Joy

The Universe In My Mouth

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Hannibal Lecter: “I’ve always found the idea of death comforting. The thought that my life could end at any moment frees me to fully appreciate the beauty, and art, and horror of everything this world has to offer.”

While somewhat morbid I actually understand what Hannibal meant. About a year after I gave up drinking and smoking, after the months of self-analysis and clarity that hit me square in the face, after the dizzying euphoria of my body healing and beginning to function well, and after the initial sadness and subsequent mourning period for a decade lost, I developed a marked lust for life.

While I’ve always loved so many aspects of life, I found my appetite for wanting more growing. I truly felt, and still do feel, like I’ve been given a second chance and the happiness I feel about that is made even sweeter because of the role I played in being rewarded with this second chance.

I’m proud of myself for recognizing that to successfully stop drinking was not only go to be about abstaining but also about having the courage to dig deep down to find and understand the reasons for wanting a numbing escape. I am grateful that I endeavoured to be compassionate with myself, to see myself as worth fighting for, and for making a commitment to do what needs to be done.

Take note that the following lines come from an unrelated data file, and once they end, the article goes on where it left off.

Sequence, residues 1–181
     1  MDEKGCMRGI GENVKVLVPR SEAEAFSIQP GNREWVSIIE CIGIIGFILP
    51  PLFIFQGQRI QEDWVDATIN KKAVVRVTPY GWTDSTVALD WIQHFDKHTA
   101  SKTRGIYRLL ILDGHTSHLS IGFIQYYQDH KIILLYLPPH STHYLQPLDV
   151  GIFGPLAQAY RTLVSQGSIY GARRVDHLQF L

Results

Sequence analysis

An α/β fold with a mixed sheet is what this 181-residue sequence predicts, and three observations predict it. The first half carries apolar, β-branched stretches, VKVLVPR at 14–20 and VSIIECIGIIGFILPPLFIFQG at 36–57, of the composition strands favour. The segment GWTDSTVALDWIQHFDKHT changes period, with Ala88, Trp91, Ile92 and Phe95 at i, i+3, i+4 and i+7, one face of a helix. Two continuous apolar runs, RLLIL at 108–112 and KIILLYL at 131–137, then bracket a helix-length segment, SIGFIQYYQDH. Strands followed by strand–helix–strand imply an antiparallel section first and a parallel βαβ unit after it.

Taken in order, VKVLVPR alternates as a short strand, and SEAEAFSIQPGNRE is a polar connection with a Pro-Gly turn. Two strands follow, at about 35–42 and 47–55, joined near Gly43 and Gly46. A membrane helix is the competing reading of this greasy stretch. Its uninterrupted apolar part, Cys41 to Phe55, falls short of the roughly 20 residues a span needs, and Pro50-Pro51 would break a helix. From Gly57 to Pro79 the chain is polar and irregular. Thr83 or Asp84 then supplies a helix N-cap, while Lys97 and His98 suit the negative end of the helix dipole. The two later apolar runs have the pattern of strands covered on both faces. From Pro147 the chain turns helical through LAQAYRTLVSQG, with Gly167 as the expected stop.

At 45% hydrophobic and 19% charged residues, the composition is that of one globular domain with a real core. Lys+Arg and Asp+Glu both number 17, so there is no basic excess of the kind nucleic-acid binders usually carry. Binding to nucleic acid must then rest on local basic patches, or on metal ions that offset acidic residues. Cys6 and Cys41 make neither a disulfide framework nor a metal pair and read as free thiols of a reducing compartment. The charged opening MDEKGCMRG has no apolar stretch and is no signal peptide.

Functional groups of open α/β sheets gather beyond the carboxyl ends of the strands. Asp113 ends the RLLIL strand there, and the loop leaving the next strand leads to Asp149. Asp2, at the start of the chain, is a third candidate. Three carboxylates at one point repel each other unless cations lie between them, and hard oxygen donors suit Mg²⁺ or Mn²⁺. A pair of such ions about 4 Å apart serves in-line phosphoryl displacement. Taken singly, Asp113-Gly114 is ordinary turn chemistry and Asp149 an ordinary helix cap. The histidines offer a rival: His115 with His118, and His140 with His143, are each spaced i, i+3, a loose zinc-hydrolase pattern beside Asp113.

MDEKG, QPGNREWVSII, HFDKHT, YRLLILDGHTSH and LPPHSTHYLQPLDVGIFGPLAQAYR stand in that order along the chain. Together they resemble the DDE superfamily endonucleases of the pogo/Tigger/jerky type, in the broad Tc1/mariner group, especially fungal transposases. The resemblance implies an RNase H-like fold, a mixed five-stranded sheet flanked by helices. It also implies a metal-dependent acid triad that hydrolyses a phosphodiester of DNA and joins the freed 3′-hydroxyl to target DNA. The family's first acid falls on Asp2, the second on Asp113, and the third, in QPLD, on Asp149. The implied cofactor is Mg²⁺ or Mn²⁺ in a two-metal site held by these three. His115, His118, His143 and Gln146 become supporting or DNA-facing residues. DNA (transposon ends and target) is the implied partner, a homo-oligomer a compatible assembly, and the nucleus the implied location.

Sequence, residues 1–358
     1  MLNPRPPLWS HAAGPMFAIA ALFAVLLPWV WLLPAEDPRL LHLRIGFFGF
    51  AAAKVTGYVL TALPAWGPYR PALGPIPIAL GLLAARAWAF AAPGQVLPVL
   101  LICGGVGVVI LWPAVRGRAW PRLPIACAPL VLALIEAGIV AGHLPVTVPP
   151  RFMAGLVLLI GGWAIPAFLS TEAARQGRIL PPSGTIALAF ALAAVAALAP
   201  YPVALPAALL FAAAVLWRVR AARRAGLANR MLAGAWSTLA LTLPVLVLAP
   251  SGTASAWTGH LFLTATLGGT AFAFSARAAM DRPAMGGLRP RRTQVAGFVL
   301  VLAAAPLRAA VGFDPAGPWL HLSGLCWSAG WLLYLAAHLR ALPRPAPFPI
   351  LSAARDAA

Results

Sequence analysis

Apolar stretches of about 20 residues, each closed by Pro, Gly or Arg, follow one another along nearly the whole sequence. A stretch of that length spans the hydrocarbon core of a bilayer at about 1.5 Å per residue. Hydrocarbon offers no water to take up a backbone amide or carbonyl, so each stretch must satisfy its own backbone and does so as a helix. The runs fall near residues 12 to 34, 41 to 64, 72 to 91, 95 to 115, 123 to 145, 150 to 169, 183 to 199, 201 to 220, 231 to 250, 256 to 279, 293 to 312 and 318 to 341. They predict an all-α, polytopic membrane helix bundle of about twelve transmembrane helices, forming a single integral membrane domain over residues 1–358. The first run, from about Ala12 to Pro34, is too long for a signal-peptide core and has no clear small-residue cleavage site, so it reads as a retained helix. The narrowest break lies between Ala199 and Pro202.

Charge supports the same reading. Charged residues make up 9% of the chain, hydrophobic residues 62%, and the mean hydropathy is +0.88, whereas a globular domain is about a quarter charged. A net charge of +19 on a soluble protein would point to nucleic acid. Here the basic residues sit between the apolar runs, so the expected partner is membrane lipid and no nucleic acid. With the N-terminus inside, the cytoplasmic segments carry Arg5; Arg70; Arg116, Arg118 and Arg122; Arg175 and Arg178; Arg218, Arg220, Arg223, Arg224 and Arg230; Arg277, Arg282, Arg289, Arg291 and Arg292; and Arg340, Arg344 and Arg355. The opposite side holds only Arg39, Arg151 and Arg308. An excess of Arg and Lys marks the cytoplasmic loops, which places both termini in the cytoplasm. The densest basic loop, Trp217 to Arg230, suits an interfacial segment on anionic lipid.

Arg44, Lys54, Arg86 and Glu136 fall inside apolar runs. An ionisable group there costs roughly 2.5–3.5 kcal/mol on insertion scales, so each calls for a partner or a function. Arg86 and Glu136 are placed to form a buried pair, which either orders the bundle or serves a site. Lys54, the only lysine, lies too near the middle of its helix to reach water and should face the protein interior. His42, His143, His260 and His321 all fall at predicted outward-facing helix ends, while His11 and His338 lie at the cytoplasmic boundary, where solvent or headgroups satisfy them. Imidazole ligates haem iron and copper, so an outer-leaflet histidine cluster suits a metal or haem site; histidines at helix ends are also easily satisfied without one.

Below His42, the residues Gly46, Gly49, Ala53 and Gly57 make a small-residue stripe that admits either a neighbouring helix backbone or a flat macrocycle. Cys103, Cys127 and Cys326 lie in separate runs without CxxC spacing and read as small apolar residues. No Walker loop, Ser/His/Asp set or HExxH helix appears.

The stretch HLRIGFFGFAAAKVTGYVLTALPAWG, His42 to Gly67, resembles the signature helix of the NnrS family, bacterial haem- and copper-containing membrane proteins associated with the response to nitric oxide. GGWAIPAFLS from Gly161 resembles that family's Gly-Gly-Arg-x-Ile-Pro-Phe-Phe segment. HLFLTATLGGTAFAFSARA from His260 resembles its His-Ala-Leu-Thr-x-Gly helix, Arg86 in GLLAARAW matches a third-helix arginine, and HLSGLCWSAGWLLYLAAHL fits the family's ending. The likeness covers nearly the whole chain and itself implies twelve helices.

I have been releasing what does not work for me and what I no longer need. It takes time though, months in some cases, changing habits, de-cluttering my apartment, my computer (tablet and phone), sorting through clothes to donate, healing or letting go of unhealthy relationships. But for every item, bad habit, toxic relationship I get rid of, the clearer and wider the way opens for all the good stuff to find its way to me. I get nervous and excited at the thought of new good things heading my way, and sometimes I can’t wait!